Iowa ethanol profitability ‘best ever’

Source:  KRISTIN BUEHNER, Globe Gazette, Mason City, Iowa • Posted: Tuesday, June 17, 2014

The ethanol industry has created a renaissance for rural America, ethanol spokesman Walt Wendland told the Mason City Noon Rotary Club Monday.

“U.S. farm net income has increased by 158 percent since 2003,” Wendland said. “Ethanol’s been a factor in that.”

Distillers grain and corn oil are important byproducts of ethanol production. Corn oil is used as a component of biodiesel fuel and distillers grain as a component of animal feed.

CEO of Homeland Energy Solutions in Lawler and formerly president/CEO of Golden Grain Energy in Mason City, Wendland said the profitability of ethanol in Iowa this year “is the best it’s ever been.”

“A lot of that is due to the fact that exports are becoming very important,” he said.

Resistance to the ethanol industry by the crude oil industry is the main reason ethanol producers rely on exports, because the better the ethanol industry does the less the crude oil industry can grow, he said.

The largest importer of American ethanol is Canada, which imports 56.3 percent of U.S. ethanol that is exported, Wendland said. Second is the United Arab Emirates with 8.4 percent.

The Philippines, Europe, Brazil and Peru are other major importers.

One of the founders of Golden Grain Energy in Mason City, Wendland said, “The goal is to reduce dependence on crude oil and to find a market for our product.”

Ethanol production in the United States has increased from 2 billion gallons a year in 2004 to 12 to 14.8 billion gallons in 2013 due to the growth of ethanol plants in the nation, he said.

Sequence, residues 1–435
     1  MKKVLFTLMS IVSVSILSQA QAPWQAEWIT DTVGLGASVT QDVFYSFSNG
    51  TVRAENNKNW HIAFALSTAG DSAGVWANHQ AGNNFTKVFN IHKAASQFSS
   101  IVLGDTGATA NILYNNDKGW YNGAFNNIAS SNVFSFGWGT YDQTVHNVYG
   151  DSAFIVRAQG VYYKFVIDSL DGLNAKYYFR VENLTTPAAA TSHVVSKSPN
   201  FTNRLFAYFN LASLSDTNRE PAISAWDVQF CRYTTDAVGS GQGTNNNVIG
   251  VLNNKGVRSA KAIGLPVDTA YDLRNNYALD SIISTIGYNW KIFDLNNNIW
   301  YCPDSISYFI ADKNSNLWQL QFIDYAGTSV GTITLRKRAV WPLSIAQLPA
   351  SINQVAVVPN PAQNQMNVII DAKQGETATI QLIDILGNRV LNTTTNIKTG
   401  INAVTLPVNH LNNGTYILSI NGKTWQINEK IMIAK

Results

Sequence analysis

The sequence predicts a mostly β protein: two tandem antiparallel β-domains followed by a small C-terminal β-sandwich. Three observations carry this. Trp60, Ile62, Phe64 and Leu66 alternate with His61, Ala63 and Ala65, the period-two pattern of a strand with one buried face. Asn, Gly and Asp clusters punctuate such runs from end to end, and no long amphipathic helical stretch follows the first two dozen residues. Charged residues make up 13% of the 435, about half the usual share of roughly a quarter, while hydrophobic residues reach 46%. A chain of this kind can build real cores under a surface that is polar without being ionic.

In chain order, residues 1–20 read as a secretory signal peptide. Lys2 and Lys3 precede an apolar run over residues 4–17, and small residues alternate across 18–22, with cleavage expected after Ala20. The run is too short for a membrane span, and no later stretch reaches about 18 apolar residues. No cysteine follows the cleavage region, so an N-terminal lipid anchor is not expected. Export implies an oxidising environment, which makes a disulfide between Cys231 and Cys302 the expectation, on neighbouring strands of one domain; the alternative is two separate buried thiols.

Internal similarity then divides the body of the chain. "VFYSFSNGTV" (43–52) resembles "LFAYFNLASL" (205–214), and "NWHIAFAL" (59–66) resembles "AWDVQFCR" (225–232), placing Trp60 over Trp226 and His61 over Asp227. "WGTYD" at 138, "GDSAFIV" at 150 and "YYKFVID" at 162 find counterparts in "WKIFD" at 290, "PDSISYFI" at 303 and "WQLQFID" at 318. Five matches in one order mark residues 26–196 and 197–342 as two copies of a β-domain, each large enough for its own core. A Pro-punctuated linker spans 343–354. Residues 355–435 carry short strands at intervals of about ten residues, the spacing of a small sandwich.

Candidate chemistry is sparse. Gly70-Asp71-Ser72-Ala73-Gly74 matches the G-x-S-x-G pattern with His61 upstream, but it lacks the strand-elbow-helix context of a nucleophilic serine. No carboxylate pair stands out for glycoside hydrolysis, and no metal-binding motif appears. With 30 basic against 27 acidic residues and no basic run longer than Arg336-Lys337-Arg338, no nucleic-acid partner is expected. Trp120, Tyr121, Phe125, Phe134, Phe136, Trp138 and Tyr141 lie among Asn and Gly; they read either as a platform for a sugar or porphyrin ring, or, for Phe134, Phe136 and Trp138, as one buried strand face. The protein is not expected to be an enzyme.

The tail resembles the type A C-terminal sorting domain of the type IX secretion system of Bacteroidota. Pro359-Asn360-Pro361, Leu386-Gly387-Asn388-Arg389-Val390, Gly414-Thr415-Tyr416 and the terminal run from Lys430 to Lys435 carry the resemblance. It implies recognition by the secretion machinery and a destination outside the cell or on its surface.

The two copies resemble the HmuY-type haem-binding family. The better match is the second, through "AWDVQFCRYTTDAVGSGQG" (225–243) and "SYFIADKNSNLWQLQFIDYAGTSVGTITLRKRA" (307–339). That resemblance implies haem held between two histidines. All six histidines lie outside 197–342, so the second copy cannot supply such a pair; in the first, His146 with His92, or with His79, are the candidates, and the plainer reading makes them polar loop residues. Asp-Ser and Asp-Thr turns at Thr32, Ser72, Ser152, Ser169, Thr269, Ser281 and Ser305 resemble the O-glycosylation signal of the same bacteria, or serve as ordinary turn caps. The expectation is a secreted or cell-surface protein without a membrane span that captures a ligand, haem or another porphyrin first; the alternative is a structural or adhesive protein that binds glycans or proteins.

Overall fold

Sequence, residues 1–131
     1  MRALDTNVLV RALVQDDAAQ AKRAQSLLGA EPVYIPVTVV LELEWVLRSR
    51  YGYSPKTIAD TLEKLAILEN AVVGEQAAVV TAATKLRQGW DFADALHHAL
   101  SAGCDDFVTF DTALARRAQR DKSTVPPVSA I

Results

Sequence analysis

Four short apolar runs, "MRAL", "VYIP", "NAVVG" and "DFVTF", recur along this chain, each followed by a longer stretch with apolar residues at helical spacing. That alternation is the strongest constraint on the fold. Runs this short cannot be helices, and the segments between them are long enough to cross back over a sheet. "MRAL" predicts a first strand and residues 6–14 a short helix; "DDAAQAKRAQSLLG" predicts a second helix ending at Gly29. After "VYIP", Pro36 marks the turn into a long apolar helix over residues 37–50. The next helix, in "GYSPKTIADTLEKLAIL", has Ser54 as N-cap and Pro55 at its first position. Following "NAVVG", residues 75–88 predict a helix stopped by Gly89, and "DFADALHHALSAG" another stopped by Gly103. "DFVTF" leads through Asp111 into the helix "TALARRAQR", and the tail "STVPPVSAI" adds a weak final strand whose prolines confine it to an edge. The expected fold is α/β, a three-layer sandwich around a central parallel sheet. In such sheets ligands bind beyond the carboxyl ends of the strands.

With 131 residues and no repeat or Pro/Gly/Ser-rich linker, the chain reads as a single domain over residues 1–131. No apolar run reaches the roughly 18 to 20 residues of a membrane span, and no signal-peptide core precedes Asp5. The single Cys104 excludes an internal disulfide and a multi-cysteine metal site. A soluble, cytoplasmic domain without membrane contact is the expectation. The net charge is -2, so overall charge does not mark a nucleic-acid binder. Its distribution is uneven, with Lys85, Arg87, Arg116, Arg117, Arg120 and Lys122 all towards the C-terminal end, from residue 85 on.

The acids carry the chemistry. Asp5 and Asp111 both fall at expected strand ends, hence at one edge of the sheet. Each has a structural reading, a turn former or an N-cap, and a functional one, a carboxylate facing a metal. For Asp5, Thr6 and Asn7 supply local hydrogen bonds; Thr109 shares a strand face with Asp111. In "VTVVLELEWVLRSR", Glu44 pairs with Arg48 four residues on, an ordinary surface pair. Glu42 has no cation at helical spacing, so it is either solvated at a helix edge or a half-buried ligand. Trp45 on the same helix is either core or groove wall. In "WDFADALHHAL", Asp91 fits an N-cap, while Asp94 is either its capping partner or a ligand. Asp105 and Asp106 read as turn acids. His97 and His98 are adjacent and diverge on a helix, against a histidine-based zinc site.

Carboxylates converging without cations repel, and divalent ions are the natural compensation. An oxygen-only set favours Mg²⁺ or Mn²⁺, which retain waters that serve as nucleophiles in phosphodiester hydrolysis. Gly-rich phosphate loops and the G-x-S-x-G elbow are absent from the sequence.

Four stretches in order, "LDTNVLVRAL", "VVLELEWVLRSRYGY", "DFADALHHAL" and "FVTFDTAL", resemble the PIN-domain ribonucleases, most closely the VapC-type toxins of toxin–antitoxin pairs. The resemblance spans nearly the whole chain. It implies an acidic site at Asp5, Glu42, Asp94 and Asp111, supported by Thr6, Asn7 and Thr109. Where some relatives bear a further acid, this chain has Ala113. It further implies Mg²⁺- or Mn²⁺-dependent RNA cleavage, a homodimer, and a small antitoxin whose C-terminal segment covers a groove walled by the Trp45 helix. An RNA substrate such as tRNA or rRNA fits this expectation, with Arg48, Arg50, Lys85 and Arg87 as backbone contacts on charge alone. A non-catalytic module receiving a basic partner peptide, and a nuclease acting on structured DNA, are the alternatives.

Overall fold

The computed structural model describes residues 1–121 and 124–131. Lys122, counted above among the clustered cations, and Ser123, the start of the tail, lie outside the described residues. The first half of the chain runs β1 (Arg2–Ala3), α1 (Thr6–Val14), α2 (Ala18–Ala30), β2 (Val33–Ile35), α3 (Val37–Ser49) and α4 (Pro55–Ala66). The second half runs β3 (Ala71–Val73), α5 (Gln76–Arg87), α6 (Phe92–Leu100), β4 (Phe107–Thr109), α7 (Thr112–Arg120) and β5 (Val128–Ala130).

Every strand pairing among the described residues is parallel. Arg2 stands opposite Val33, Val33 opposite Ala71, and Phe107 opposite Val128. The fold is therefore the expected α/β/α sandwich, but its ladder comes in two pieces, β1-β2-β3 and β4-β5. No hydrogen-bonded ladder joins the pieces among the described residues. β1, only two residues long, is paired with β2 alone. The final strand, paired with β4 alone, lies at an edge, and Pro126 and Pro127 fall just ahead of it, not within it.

Ninety percent of ethanol production is in the Corn Belt — Iowa, Minnesota, Illinois, South Dakota, Nebraska, Kansas, Ohio, Indiana and Missouri, Wendland said.

Iowa, which produces 30 percent of the nation’s ethanol, is the largest producer followed by Minnesota and Illinois.

Wendland said the ethanol industry has done well even in the years when corn prices were high.

“We were still able to make it because of the high cost of gas.”

The thing that really hurt the industry was the severe drought in 2012, Wendland said.

In response to a question about ethanol plants that use corn stover, or waste materials such as corn stalks, Wendland said those plants present another opportunity for the ethanol industry to expand.

“It allows us to expand into more advanced ways of making ethanol that don’t have the food-versus-fuel argument,” he said.

Plants using corn stover are currently planned in Emmetsburg and Nevada, Iowa, he said.

All things considered, the report on the ethanol industry is positive, he said.

“People don’t realize we’ve done everything we promised,” Wendland said. “We’re lowering the cost of gasoline. We’re reducing the demand for crude oil. And we’re protecting the environment.”